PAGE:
S1 Embraces Linux

Financial-services companies find Linux's lower operating costs attractive, but they need scalability and security assurances.

Steven Marlin, Contributor

November 16, 2004

2 Min Read

S1 Corp., a maker of online banking and other front-office applications for financial institutions, plans to offer Linux versions of its software by 2006. The company, whose products power customer-facing functions at 4,000 banks and insurance companies, wants to stay ahead of the curve as banks are intrigued by the open-source operating system's possibilities for dramatic operating cost reductions.

A lot of S1's overseas customers are already moving forward with Linux-based initiatives, and domestic customers are beginning to follow suit, says Rob Young, VP of product management and strategy at S1. Linux is being viewed "as a viable platform for heavy-duty production environments," he says.

Migrating S1's software, which is based on Java 2 Enterprise Edition, to Linux doesn't present a formidable technical challenge, Young says. But the vendor wants to be sure that S1 applications on Linux meet customers' security and scalability requirements. "The actual physical port isn't a major undertaking, but we want to be sure we've got everything rock-solid," Young says. S1's teller applications will be the first to be migrated to Linux, according to the company.

S1 isn't a Linux neophyte. The vendor already utilizes several versions of Linux in its own data center, which hosts S1 software for many banks. And Mosaic Software, an automated-teller-machine application company S1 recently acquired, already offers Linux versions of its products. It plans to implement a Linux-based system at a Midwestern bank early next year.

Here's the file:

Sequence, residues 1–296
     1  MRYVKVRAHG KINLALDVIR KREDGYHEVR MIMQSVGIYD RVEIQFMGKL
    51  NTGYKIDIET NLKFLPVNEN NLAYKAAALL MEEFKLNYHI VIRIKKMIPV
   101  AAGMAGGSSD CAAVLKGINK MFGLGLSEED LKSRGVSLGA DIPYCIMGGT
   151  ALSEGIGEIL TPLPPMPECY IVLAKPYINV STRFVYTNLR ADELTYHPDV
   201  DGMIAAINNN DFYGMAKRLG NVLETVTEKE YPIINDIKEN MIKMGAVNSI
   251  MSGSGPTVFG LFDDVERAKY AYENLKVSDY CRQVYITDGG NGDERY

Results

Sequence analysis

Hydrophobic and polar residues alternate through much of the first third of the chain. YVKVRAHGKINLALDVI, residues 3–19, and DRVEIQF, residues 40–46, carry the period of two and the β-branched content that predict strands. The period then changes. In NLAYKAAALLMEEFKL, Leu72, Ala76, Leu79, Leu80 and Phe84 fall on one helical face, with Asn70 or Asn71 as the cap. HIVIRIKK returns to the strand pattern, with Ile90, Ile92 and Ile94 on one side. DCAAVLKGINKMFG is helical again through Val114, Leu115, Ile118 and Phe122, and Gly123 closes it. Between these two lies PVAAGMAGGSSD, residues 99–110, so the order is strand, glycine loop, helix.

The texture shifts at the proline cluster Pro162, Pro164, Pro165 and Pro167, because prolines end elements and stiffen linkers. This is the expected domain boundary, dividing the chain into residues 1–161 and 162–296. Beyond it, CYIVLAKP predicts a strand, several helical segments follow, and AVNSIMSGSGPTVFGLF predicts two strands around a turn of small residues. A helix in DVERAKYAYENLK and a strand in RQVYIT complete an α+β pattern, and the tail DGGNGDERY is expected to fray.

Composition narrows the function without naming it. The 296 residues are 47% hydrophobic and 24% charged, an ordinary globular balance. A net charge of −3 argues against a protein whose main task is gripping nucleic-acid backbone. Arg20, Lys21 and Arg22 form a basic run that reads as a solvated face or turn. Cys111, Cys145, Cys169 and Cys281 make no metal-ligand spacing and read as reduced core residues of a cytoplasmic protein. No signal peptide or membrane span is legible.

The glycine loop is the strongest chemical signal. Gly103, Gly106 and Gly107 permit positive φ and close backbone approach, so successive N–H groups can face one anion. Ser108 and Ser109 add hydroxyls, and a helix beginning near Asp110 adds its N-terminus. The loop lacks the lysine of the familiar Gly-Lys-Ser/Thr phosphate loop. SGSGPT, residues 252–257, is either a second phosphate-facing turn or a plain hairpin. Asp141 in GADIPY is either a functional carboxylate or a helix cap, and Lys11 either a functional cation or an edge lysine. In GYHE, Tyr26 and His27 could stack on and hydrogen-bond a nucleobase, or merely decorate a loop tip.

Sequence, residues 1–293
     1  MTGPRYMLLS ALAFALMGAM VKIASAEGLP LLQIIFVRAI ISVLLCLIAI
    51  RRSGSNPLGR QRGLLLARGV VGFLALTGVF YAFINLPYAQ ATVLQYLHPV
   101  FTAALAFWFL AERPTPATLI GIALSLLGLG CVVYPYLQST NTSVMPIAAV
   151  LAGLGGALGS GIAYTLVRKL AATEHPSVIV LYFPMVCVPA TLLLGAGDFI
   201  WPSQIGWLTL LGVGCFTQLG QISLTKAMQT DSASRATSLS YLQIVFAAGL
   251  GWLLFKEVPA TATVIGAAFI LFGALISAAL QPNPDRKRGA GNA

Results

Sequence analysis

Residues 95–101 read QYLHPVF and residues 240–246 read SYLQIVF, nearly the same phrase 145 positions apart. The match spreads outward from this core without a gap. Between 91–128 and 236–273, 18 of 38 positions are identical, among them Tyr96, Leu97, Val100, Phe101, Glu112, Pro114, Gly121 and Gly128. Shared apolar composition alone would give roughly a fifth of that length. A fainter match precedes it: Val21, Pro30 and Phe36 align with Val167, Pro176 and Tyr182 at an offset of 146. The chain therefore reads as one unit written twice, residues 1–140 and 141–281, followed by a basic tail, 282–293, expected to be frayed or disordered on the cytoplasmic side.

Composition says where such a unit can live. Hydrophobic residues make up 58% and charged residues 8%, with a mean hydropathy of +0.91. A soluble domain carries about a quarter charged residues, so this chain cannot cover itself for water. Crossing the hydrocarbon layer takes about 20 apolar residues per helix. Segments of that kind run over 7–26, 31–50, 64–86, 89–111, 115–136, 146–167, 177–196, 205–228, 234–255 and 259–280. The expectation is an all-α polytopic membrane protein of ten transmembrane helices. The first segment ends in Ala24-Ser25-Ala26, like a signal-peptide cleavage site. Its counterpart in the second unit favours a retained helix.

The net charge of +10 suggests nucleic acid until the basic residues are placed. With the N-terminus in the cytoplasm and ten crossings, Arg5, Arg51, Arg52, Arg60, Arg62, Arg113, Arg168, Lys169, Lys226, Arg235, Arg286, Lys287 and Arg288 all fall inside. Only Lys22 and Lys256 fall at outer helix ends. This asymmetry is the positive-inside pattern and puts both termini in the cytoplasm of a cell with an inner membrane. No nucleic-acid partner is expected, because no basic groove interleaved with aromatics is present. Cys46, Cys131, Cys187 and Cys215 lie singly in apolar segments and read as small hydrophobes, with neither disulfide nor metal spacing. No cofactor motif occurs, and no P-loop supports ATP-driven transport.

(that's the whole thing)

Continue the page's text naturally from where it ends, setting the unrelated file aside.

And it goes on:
Linux is already making inroads in the financial-services industry, particularly in Wall Street trading applications. The Chicago Mercantile Exchange, for example, is replacing the infrastructure that runs its iLink gateway, which traders use to access the exchange's Globex electronic trading platform. The infrastructure, built on Sun Microsystems servers running Sun's Solaris version of Unix, is being migrated to Intel servers running the Itanium processors and Red Hat Linux. The exchange is experiencing five times the performance of Sun/Unix at one-fifth the price, says Charlie Troxel, the exchange's chief technology officer. It originally planned to replace 20% of the Sun servers by the end of the year, according to Troxel. Now it's on track to replace 50%.

The exchange will continue to run its historical database on Sun servers, however. That database is used to recreate trades in the event of inquiries from customers or regulators. That system, which uses database technology from Oracle, has reliability and scalability requirements that aren't easily addressed by Linux, Troxel says. He adds that the number of database entries has spiked from 2 million per week two years ago to 500 million last week.

About the Author(s)

Never Miss a Beat: Get a snapshot of the issues affecting the IT industry straight to your inbox.

You May Also Like

More Insights